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The Night, The Porch

January 2, 2014

We’re back from our road tour of the Midwest!  photo-247On the 23rd, we drove to Cape Girardeau, Missouri to see my mother. We left after lunch on Christmas Day to drive to Warrensburg to see Ron’s parents. We left Warrensburg on the 27th to drive to Kansas City and take Walker to the airport, where he boarded a flight for Texas to play in a collegiate chess tournament. (Walker helped Oberlin’s team win “best performance by a small college.”) We then drove downtown to the Plaza to meet Elizabeth and Kent, because they live in KC now, and Ben and Suzanne, the people who were putting us up at their house while Ron’s dad was too frail to chance catching a virus from houseguests, but who we hadn’t yet seen in the daylight hours.  We had a festive and lengthy lunch, and Ron and I gave Eleanor a short walking tour of the Plaza in its Christmas decorations.  We left on the 28th for St. Louis (with Darth Vader in Walker’s seat) and the second wedding of my first cousin once removed, where we were joined by my brother and mother. Finally, we drove home on the 29th and picked Walker up at the Columbus airport on the 30th, marveling (but not mentioning it without knocking wood) that the highways had been clear and dry for our 1800-mile trip.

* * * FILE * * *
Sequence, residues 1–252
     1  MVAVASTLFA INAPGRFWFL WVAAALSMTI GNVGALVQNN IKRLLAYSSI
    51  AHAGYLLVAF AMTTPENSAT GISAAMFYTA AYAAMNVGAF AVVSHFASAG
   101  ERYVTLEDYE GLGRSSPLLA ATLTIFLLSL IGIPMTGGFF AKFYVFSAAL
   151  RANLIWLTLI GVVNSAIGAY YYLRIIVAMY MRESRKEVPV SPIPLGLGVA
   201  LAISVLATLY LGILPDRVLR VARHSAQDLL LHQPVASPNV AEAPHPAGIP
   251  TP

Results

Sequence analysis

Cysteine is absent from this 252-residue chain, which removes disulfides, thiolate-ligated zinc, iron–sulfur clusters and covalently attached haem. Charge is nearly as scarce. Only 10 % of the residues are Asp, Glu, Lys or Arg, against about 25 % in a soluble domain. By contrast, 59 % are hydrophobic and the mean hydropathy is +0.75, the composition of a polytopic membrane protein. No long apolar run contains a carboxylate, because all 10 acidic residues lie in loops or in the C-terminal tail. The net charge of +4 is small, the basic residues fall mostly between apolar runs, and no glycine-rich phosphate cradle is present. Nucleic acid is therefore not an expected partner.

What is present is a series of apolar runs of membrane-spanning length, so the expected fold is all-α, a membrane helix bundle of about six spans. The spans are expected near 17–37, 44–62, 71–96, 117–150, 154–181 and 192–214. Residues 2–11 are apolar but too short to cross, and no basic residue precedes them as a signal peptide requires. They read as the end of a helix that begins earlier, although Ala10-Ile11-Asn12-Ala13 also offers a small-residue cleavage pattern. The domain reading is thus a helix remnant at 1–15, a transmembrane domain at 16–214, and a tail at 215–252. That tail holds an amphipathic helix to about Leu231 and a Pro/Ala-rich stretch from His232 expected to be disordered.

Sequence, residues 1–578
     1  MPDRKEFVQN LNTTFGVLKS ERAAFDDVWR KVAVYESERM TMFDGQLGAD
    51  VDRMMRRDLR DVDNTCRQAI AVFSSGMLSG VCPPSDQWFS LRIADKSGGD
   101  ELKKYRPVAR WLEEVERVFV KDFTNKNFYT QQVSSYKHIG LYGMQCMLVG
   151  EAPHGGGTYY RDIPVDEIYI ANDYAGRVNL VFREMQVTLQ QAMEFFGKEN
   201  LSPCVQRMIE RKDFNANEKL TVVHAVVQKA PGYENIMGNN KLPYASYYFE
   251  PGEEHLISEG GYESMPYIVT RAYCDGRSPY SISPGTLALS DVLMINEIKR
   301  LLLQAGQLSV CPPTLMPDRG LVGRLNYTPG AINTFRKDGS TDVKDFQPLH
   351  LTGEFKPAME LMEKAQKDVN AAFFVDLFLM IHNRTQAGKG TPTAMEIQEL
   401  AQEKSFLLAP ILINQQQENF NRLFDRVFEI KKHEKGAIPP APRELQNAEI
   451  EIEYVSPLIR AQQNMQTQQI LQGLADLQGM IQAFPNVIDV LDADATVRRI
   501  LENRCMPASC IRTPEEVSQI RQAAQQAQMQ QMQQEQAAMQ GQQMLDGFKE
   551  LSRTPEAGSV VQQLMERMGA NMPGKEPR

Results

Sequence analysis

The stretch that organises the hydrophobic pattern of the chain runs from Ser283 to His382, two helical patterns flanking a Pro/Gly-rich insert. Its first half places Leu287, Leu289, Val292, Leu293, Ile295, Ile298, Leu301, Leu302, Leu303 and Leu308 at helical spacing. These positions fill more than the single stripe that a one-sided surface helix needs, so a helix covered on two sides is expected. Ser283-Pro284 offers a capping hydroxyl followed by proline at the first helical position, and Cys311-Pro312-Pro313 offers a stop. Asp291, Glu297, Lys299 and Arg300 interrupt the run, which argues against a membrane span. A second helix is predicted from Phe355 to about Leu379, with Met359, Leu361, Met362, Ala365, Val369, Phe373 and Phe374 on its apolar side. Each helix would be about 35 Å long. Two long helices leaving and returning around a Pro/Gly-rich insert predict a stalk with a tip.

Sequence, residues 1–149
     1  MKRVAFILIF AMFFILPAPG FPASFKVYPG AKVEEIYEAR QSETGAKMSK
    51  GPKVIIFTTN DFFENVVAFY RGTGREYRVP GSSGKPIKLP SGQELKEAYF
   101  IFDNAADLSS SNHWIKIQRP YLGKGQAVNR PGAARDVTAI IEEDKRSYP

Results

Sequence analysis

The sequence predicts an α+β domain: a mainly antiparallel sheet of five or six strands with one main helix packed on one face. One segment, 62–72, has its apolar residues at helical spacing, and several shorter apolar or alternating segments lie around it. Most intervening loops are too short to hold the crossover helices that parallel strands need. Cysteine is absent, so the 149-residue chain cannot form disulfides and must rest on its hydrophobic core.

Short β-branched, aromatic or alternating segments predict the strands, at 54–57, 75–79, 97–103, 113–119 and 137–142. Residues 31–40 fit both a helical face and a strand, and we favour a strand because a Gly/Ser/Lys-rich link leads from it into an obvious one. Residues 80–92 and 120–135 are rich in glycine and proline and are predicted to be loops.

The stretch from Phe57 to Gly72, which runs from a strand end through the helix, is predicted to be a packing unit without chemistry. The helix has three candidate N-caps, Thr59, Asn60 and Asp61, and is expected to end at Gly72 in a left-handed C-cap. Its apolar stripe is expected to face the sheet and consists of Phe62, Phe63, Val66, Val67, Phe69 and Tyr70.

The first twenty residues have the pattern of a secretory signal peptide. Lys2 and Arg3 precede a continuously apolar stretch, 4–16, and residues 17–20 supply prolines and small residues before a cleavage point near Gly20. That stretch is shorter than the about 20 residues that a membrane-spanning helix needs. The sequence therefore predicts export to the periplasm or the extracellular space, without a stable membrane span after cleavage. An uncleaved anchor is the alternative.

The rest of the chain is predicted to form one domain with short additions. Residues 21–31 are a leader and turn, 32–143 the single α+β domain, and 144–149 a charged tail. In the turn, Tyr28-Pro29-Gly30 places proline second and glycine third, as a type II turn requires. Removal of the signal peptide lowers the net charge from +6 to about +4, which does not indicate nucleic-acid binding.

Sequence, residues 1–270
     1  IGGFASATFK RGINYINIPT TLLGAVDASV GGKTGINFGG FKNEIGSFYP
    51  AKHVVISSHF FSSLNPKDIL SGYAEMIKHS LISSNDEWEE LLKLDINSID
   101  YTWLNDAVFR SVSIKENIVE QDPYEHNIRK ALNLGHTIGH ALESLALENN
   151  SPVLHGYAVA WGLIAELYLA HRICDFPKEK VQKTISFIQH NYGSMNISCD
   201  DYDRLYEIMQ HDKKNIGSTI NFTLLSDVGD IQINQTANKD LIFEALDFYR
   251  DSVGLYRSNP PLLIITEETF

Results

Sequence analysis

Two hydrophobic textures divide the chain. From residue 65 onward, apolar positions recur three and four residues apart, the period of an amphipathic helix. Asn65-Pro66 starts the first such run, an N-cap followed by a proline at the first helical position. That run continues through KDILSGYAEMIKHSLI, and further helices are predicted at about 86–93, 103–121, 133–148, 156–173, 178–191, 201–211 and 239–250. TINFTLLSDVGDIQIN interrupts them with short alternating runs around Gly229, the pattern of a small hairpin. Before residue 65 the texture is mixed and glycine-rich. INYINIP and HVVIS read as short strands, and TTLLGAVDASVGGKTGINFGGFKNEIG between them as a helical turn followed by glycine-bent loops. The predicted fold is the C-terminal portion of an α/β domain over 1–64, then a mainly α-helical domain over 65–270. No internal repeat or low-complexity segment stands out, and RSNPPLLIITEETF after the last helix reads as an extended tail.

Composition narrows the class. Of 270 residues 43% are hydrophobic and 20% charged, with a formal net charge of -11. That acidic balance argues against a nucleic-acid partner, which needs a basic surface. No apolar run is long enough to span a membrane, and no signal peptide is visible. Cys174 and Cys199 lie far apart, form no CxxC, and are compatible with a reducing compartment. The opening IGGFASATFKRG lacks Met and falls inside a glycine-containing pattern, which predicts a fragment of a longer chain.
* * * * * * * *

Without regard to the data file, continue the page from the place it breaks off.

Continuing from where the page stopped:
Today it is snowing.  I have been staring out into it all morning, feeling lucky that we have nowhere to go, no promises to keep.  It’s reminding me of our visit with Ron’s parents, still in their house where we’ve spent so many warm and buggy summer nights sitting on a porch, as in this poem by Mark Strand.

The Night, The Porch

To stare at nothing is to learn by heart

What all of us will be swept into, and baring oneself

To the wind is feeling the ungraspable somewhere close by.

Trees can sway or be still. Day or night can be what they wish.

What we desire, more than a season or weather, is the comfort

Of being strangers, at least to ourselves. This is the crux

Of the matter. Even now we seem to be waiting for something

Whose appearance would be its vanishing—the sound, say,

Of a few leaves falling, or just one leaf, or less.

There is no end to what we can learn. The book out there

Tells as much, and was never written with us in mind.